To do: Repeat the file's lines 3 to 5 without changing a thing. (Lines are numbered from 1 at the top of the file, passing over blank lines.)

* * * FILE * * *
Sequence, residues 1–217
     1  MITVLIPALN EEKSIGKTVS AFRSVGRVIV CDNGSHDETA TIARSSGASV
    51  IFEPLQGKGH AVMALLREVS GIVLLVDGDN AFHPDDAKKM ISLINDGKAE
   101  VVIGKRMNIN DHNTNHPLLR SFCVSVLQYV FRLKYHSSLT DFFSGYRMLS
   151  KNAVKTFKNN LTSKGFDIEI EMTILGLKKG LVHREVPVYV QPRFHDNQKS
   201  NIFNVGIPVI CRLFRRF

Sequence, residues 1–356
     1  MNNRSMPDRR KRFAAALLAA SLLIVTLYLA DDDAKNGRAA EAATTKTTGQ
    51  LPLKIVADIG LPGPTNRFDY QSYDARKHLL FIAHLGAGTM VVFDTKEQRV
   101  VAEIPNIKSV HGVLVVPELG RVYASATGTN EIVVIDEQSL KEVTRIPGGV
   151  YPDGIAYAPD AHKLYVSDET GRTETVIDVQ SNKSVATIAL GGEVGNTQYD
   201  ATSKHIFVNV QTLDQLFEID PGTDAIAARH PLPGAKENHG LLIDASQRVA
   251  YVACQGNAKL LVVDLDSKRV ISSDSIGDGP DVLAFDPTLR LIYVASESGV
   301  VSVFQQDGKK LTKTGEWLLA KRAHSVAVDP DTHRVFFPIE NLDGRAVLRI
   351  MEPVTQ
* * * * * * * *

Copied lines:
    51  IFEPLQGKGH AVMALLREVS GIVLLVDGDN AFHPDDAKKM ISLINDGKAE
   101  VVIGKRMNIN DHNTNHPLLR SFCVSVLQYV FRLKYHSSLT DFFSGYRMLS
   151  KNAVKTFKNN LTSKGFDIEI EMTILGLKKG LVHREVPVYV QPRFHDNQKS